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Credentialed and International AAVA members have the opportunity to pursue certification beyond the AAVA approved basic training courses. Eligible AAVA members can make application to sit for testing that, if passed, confers the title of Fellow of the American Academy of Veterinary Acupuncture (FAAVA). Full details of eligibility and application process can be found in the member area of the website or can be requested from the AAVA office.
The advanced certification procedure is designed following the process used by veterinarians to qualify for the American Veterinary Medical Association (AVMA) specialty certification of the American Board of Veterinary Practitioners (ABVP). This process assures that successful candidates for FAAVA designation have demonstrated expert knowledge about the classical and neuro-physiologic basis of acupuncture and Chinese medicine and their application for successful diagnosis and treatment of veterinary patients.
The candidate for the FAAVA examination needs to be a Graduate of a college of veterinary medicine approved or accredited by the AVMA and be an AAVA Credentialed Member or International Member. They must also have five years practice experience in veterinary acupuncture, OR three years of veterinary acupuncture experience and an advance acupuncture degree (i.e. OMD, L.Ac), document fifty (50) hours of Veterinary Acupuncture and/or Traditional Chinese Medicine continuing education accumulated during the previous five (5) years, and submit two case reports. Three professional references are also required.
Applications are due on May 1st. Candidates are notified of their eligibility by July 1st, and the examination takes place in November. Candidates are given the results of the examination by Mid-December.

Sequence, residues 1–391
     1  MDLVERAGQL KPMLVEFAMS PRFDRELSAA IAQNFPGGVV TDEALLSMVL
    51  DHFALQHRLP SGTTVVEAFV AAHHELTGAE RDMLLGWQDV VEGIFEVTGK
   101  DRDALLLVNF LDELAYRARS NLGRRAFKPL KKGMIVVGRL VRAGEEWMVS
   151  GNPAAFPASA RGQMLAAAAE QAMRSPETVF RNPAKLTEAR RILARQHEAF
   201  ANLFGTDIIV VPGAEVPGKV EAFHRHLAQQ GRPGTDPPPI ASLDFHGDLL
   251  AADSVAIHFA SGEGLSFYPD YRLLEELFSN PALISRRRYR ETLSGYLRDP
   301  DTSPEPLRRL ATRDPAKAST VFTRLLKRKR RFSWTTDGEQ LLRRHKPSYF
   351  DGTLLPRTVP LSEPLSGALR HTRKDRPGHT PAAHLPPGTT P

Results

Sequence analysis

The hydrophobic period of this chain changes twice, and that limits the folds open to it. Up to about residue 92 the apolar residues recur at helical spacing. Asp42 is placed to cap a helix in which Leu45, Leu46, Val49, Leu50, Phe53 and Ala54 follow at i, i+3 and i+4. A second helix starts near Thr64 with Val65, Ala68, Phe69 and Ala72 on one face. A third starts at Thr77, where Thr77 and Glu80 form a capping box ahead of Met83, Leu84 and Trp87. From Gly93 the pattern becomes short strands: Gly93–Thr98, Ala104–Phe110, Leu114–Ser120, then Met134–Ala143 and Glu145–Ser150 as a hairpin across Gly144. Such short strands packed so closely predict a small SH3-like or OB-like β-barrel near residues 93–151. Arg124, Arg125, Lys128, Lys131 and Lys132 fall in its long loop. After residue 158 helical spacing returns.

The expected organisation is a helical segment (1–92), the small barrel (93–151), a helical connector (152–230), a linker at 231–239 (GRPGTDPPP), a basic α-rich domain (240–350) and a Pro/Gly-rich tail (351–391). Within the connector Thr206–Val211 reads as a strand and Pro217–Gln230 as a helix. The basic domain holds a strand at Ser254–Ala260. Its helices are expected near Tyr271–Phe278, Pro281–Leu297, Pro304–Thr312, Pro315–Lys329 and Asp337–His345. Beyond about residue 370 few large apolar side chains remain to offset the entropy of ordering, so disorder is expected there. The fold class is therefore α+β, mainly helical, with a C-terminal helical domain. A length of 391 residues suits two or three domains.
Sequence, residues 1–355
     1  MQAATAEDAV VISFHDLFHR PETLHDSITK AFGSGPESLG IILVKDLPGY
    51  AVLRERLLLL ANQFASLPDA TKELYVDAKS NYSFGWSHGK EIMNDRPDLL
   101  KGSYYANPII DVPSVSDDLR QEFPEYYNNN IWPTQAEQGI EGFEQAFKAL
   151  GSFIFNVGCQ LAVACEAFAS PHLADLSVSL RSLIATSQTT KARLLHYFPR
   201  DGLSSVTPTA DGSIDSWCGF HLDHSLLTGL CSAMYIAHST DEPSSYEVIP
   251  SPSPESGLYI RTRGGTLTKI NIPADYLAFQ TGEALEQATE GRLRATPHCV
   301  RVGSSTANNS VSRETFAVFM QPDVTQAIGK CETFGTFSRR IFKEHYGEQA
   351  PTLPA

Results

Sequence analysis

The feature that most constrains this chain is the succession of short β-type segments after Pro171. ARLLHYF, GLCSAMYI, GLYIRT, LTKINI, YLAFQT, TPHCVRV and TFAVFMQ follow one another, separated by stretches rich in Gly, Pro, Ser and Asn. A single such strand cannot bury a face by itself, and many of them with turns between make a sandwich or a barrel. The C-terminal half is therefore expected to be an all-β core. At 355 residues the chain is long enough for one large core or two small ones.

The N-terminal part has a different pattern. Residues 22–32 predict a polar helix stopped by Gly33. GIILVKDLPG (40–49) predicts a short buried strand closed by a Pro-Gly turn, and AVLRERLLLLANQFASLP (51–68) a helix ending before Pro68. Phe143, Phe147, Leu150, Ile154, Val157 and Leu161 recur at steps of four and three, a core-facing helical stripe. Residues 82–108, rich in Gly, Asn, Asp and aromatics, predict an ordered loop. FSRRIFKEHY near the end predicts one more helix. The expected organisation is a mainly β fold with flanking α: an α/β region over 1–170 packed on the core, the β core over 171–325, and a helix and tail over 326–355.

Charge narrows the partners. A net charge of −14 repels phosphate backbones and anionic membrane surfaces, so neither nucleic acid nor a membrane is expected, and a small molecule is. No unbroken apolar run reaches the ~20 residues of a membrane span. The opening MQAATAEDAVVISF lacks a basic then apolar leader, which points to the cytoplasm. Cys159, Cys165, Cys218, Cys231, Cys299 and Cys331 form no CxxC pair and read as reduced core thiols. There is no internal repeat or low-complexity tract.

All examination requirements must be completed within three years after the candidate is first accepted by the AAVA. This means the candidate has three attempts to pass the exam. If the candidate chooses not to sit for an examination in a given year, that year is forfeited. The examination format consists of two parts, each containing 150 multiple choice questions. Responses are marked on answer sheets. The examination is timed, with four hours for each part. Examination Blueprints are mailed to all applicants eligible for the exam.
In regards to preparation for the examination, there is no specific formal education process (as for example the IVAS course). The preparation comes from one’s practical experience in veterinary acupuncture, participation and attendance at continuing education seminars and courses, and significant self-study. If using the analogy to the American Board of Veterinary Practitioners (ABVP), most diplomats of the ABVP are practicing veterinarians who on their own initiative have attended a wide variety of continuing education seminars (usually over a period of years), and self-study for an average of one hour per day for about 6 months prior to the exam. The ABVP has a suggested reading list. For example, in canine/feline practice, Ettingers Internal Medicine, Kirk’s Current Veterinary Therapy, etc. ABVP Applicants then decide on their own what and how to study.
General topics to be studied include Yin and Yang Theory, Fundamental Substances
Pathology, Differentiation Patterns
Meridian and Points: location, function, indications
Neuro-physiology of acupuncture
Zang-Fu Syndromes Differentiation and Treatment
Large Animal clinical applications (bovine/equine)
Small Animal clinical applications (canine/feline).